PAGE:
Far more than 87 million people may have had their Facebook data harvested by Cambridge Analytica, according to evidence from former employee Brittany Kaiser. Speaking to the Department for Digital, Culture, Media and Sport select committee, Kaiser said Cambridge Analytica had a suite of personality quizzes designed to extract personal data from the social network, of which Aleksandr Kogan's This Is Your Digital Life app was just one example. In evidence provided to the committee, Kaiser wrote: "The Kogan/GSR datasets and questionnaires were not the only Facebook-connected questionnaires and datasets which Cambridge Analytica used. I am aware in a general sense of a wide range of surveys which were done by CA or its partners, usually with a Facebook login – for example, the'sex compass' quiz. "I do not know the specifics of these surveys or how the data was acquired or processed.
Personal information gathered from price comparison websites may have been used without people's knowledge or consent by pro-Brexit campaigners in the European referendum. An ex-director of Cambridge Analytica told parliament last week that she believed the Leave.EU campaign, headed by Nigel Farage and bankrolled by Arron Banks, may have breached data protection laws by using people's private information without consent. She said she had seen with her "own eyes" how Leave.EU had apparently targeted customers of Eldon Insurance – owned by Banks – using their private data to promote anti-Europe messaging. Banks, Leave.EU and Eldon have vehemently denied having shared any such data, either with each other or with Cambridge Analytica. But a "subject access request" submitted to Eldon has revealed that it holds data not just on its own customers, but also on people who have submitted a query to a price comparison website (PCW), which involves them agreeing to the site's privacy terms.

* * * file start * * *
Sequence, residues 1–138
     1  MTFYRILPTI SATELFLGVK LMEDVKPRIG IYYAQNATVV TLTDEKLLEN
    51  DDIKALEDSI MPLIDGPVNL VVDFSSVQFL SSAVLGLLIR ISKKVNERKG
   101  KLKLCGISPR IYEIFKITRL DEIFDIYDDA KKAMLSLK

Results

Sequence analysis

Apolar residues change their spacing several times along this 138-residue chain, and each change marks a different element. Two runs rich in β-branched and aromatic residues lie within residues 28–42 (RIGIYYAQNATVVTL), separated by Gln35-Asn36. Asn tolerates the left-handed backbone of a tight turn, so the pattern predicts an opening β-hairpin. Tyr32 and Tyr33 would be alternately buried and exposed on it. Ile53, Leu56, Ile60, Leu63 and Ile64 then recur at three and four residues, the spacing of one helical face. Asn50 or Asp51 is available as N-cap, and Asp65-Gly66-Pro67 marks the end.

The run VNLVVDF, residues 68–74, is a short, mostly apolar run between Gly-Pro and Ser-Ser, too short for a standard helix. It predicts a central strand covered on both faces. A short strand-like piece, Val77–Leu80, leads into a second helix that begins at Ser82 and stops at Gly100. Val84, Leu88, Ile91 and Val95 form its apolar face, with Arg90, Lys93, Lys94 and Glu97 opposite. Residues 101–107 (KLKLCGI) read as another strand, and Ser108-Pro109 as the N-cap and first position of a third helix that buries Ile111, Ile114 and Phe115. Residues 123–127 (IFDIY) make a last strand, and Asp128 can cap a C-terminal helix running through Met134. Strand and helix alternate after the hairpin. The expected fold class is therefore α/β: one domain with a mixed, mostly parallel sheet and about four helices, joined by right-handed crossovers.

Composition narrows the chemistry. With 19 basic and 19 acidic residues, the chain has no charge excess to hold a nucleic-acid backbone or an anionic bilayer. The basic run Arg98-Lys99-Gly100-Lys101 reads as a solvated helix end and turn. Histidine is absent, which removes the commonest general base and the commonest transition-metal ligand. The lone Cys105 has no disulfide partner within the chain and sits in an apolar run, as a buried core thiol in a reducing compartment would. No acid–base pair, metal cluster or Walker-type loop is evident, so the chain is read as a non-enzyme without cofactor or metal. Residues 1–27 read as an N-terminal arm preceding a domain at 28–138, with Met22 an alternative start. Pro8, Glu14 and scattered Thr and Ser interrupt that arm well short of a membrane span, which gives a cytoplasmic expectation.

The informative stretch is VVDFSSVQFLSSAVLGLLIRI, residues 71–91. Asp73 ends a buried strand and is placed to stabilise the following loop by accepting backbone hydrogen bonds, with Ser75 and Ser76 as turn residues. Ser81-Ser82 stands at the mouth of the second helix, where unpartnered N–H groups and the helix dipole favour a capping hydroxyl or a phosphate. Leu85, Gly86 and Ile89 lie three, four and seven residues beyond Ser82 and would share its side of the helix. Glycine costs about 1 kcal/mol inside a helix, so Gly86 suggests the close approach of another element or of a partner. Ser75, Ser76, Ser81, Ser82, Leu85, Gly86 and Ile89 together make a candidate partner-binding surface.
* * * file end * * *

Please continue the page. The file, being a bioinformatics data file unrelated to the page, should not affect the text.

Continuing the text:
If a 29-year-old Peugeot 309 is the answer, it's fair to wonder: what on earth is the question? In fact, I had no idea about either the question or the answer when I submitted a "subject access request" to Eldon Insurance Services in December last year. Or that my car – a vehicle that dates from the last millennium – could hold any sort of clue to anything. If there's one thing I've learned, however, in pursuing the Cambridge Analytica scandal, it's that however weird things look, they can always get weirder. Because I was simply seeking information, as I have for the last 16-plus months, about what the Leave campaigns did during the referendum – specifically, what they did with data.
"We had a guy called Matthew Richardson who'd known Nigel for a long time and he's always looked after the Mercers. The Mercers had said that here's this company that we think might be useful." He said that Mercer, Farage and co had all met at a conference in Washington. "The best dinner we ever went to. Around that table were all the rejects of the political world. And the rejects of the political world are now effectively in the White House.
For two years, observers have speculated that the June, 2016, Brexit campaign in the U.K. served as a petri dish for Donald Trump's Presidential campaign in the United States. Now there is new evidence that it did. Newly surfaced e-mails show that the former Trump adviser Steve Bannon, and Cambridge Analytica, the Big Data company that he worked for at the time, were simultaneously incubating both nationalist political movements in 2015. Emma Briant, an academic expert on disinformation at George Washington University, has unearthed new e-mails that appear to reveal the earliest documented role played by Bannon in Brexit. The e-mails, which date back to October of 2015, show that Bannon, who was then the vice-president of Cambridge Analytica, an American firm largely owned by the U.S. hedge-fund billionaire Robert Mercer, was in the loop on discussions taking place at the time between his company and the leaders of Leave.EU, a far-right nationalist organization.